Gunshot residue (GSR), also known as cartridge discharge residue (CDR), "gunfire residue" (GFR), or firearm discharge residue (FDR), is residue deposited on the hands and clothes of someone who discharges a firearm.

When a gun is fired small particles of firearm discharge residues (FDR) are produced from the bullet and cartridge case of the ammunition.  These residues escape through openings in the gun such as the muzzle and breech, and can be deposited onto the firer, as well as nearby surfaces.

If an individual handles a recently discharged gun or makes contact with an item or surface that has firearm discharge residues on it, this can also result in the transference of these discharge residues to that individual.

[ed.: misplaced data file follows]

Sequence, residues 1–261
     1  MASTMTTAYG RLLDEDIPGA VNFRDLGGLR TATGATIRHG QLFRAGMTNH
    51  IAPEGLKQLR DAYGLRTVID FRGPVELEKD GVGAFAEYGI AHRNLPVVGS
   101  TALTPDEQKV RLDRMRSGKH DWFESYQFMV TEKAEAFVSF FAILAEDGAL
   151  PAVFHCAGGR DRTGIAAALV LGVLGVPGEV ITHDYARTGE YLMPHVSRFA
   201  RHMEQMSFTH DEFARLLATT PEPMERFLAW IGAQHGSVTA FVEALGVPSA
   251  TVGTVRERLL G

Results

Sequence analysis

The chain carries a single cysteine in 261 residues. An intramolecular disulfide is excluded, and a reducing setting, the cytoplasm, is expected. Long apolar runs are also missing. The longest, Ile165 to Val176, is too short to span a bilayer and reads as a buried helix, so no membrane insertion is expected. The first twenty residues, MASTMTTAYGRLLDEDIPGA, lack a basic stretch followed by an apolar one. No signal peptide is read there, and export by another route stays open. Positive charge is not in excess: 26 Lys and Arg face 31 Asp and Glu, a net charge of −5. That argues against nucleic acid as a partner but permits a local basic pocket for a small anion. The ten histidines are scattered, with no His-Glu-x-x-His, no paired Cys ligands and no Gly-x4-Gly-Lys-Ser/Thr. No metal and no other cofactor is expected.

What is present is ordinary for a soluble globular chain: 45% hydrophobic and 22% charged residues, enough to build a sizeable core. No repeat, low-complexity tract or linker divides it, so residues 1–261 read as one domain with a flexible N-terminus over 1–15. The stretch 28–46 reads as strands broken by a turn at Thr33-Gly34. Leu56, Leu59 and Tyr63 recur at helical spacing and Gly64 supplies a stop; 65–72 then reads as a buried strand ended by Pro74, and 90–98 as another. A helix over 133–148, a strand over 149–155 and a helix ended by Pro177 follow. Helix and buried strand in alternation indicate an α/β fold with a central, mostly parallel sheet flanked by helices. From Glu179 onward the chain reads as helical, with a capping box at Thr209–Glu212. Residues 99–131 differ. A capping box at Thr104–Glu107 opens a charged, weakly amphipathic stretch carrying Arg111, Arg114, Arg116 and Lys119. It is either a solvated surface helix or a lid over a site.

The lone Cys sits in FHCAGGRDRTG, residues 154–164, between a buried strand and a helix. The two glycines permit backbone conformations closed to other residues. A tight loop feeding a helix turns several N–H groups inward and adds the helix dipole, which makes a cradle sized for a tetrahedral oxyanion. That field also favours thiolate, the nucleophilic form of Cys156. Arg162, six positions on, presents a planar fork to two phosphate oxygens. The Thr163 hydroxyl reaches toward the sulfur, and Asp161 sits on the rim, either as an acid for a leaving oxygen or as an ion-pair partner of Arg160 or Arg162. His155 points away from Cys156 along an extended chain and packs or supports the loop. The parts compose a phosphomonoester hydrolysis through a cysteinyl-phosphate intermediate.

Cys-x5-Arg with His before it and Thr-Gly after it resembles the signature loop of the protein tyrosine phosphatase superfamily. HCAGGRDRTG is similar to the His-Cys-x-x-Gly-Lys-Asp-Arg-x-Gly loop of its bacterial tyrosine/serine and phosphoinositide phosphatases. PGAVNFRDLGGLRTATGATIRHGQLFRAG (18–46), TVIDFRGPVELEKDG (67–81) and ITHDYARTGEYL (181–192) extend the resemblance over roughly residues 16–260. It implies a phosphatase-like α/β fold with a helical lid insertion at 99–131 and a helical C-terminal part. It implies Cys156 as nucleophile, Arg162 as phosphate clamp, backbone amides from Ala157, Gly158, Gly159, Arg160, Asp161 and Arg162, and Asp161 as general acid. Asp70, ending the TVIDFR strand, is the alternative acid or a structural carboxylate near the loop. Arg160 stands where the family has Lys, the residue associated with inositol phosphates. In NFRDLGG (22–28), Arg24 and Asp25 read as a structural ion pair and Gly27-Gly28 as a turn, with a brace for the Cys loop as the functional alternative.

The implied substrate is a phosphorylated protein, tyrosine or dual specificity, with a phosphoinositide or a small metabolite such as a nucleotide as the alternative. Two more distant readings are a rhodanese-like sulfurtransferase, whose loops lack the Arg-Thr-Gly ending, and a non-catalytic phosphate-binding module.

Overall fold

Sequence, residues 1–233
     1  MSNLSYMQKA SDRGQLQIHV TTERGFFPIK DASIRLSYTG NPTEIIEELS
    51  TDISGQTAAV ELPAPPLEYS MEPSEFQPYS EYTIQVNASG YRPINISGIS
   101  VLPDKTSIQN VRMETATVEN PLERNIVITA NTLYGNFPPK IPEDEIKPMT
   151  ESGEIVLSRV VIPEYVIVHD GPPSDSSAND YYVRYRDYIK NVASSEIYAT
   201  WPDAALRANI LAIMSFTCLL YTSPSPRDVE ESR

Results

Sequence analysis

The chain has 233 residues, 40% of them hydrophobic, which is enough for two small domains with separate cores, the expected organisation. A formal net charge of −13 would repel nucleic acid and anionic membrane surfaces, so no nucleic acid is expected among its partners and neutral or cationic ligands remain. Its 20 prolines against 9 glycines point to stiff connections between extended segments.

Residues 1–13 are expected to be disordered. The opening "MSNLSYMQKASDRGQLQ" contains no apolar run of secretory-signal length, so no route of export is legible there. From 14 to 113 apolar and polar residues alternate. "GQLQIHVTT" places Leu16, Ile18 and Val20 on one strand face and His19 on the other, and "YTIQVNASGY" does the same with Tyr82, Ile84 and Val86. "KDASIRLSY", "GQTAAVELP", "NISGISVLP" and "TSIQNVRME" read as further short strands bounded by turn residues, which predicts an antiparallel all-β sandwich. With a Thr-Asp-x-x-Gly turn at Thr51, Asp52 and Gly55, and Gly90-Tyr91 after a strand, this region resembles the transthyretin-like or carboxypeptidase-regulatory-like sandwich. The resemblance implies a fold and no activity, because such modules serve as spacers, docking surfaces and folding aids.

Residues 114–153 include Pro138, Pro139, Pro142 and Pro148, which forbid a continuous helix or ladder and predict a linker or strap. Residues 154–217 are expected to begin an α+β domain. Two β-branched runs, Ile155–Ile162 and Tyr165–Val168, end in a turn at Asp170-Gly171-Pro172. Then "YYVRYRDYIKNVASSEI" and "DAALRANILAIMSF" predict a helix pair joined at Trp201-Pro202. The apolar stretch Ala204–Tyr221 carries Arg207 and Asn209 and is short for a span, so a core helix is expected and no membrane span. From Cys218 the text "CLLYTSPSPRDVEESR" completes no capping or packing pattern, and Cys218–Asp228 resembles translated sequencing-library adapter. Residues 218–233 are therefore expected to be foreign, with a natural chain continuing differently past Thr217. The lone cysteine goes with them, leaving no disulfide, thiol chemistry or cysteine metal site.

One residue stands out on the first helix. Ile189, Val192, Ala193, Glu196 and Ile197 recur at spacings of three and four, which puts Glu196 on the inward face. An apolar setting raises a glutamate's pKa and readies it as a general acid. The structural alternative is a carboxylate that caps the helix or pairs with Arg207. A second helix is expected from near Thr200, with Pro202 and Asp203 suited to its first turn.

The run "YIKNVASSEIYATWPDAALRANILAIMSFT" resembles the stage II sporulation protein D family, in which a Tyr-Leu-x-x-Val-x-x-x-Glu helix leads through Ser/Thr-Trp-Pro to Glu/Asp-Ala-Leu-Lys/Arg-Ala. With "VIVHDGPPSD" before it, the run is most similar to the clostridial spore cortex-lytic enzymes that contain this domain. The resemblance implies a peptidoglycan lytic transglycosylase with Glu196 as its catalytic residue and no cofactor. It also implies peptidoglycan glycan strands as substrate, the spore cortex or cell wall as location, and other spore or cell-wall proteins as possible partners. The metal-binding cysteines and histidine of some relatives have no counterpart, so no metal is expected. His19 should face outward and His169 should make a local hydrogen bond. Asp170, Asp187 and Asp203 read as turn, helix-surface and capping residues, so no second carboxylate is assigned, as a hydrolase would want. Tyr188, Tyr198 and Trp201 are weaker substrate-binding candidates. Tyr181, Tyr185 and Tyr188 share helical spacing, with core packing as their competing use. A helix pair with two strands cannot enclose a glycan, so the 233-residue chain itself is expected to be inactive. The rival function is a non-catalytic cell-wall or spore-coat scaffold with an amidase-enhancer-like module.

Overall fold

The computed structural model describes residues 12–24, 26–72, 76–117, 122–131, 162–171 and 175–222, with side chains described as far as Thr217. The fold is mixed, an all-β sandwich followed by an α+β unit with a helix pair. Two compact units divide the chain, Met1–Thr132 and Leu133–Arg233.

When a cartridge is discharged, small particles of Firearm Discharge Residue (FDR) are produced from the cartridge case components of the ammunition and these are primarily composed of both burnt and unburnt particles from both the explosive primer compound, and the propellant material.

FDR can be recovered from the hands, face, nostrils and hair of a suspect by; from their clothing; and from various surfaces, for example from within a vehicle used to transport the suspects, weapons and cartridges after a cartridge has been fired.

The analysis and interpretation of gunshot residues will help determine if a suspect may have fired a firearm or has been in the vicinity of a firearm when fired, or has been subject to contamination from sources of residue.